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Make Habits, Not Resolutions

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A wise man once told me the true benefit of achieving a goal is not the achievement itself, but the lifelong habits you’ve created to achieve your goal.

So, as we go through this new year, let’s not just make resolutions—let’s create habits to shape our future. The problem with New Year’s resolutions is that they are often too vague and require more specific, measurable goals. Furthermore, resolutions are often made with an “all or nothing” mentality, which can lead to feelings of failure and defeat. This is why so many of us fall short of the goals we lay out for the new year.

But what if we approached the new year differently? What if we focused on building new habits instead of making generalized
resolutions? Habits are the foundation upon which our lives are built. They shape our thoughts, our behaviors, and our actions. And unlike resolutions, habits are formed through consistent, daily effort.

Too many people go through life with what I call the “shotgun” approach. They have too wide of an aim. When they fall short,
they get frustrated and blame everything but themselves. Oftentimes, the issue is that they’ve set the wrong goals and haven’t focused on developing good, consistent habits.

But where do we start in our “Habit Creating” journey? I’m a big fan of Habit-Stacking, something I read about in James Clear’s book, Atomic Habits. Here’s how it works: If there’s a habit you want to adopt, stick it to an existing habit. It could be as small as washing your dishes after eating dinner instead of letting everything pile up in the sink.

Dirty dishes aside, everyone has habits that make up their everyday routines, and you have so many opportunities to habit-stack throughout your day. For example, whenever I go to the gym, I lift weights. However, I wanted to start incorporating cardio into my workout. So, what I do now is stack cardio as part of my gym routine. After I lift weights, I jump on the treadmill and do a two-mile run. Another positive habit I’ve developed is making sure I devote the first few items of the day to myself—I focus on body, mind, and spirit. An early morning workout, while listening to an audiobook, and reading scripture as I cool down. This allows me to take care of myself first so I can take care of others.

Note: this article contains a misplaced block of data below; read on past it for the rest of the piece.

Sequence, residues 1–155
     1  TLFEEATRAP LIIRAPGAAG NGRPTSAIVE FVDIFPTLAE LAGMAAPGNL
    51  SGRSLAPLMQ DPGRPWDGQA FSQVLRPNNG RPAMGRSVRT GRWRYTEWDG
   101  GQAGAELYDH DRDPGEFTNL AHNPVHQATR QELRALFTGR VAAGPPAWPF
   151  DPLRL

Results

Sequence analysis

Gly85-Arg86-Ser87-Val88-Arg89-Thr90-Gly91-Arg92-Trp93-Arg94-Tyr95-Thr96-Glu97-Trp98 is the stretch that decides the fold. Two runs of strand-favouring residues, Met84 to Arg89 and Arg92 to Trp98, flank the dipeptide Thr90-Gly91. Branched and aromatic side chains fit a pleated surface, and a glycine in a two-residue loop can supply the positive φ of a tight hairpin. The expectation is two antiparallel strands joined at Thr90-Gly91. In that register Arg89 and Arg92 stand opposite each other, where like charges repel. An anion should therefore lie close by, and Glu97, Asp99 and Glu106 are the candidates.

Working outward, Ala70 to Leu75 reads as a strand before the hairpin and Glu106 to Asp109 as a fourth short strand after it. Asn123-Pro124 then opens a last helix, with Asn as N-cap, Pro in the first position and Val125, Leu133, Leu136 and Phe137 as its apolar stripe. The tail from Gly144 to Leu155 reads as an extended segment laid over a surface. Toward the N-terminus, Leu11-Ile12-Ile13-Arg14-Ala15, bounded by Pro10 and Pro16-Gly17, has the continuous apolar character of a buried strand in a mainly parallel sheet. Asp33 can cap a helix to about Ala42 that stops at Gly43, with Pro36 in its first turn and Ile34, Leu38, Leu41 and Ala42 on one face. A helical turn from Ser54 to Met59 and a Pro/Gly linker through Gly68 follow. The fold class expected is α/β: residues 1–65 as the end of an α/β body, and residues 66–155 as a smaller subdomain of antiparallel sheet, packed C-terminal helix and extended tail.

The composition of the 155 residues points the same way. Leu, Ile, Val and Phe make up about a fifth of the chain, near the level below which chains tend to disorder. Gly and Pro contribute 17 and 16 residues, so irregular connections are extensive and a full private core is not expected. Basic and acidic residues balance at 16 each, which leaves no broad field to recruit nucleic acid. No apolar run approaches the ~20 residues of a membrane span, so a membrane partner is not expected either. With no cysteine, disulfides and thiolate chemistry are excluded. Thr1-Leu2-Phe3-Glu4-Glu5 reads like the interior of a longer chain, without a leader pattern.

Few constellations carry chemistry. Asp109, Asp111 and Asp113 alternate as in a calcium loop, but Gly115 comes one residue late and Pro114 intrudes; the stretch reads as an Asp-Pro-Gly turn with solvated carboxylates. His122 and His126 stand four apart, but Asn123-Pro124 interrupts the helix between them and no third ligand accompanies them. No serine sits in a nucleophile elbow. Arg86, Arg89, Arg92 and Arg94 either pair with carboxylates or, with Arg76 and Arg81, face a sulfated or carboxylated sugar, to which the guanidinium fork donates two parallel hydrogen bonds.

Too many entrepreneurs get so fixated on improving their businesses that their health begins to suffer both mentally and
physically. They forget about tried-and-true, commonly-known tactics to better their health—such as sleeping eight to nine hours a night, eating healthy, exercising regularly, and so on. And, even if they do all that, there are still poor habits they can replace with healthier ones.

For example, maybe you have a habit of playing video games when you get stressed out. Maybe you like to collect legos and put together some masterpiecees with them (I’m too afraid of stepping on them to claim the same!). Those are certainly worthwhile endeavors—especially if they help you to de-stress—but make sure you’re not letting those hobbies become vices instead of recreational activities.

A work-life balance is super important, and this is especially the case as an entrepreneur. When it comes to the “life” piece, it’s worth leading a life that’s conducive to our work mindset. Perhaps you could replace fifteen minutes of watching “Gilmore Girls” with meditating. Maybe you could hire a personal development coach and meet with them for an hour every week. Maybe you could start doing therapy to make sure you’re not bottling up emotions. The list goes on; just don’t forget to prioritize those personal needs that often go on the back burner.

Overall, this year, I urge you to begin with the end in mind. As we go into 2023, I want you to think about what you want your life to look like a year from now. From there, you can start to reverse-engineer getting to where you want to be by creating the right habits to improve every facet of your daily life.

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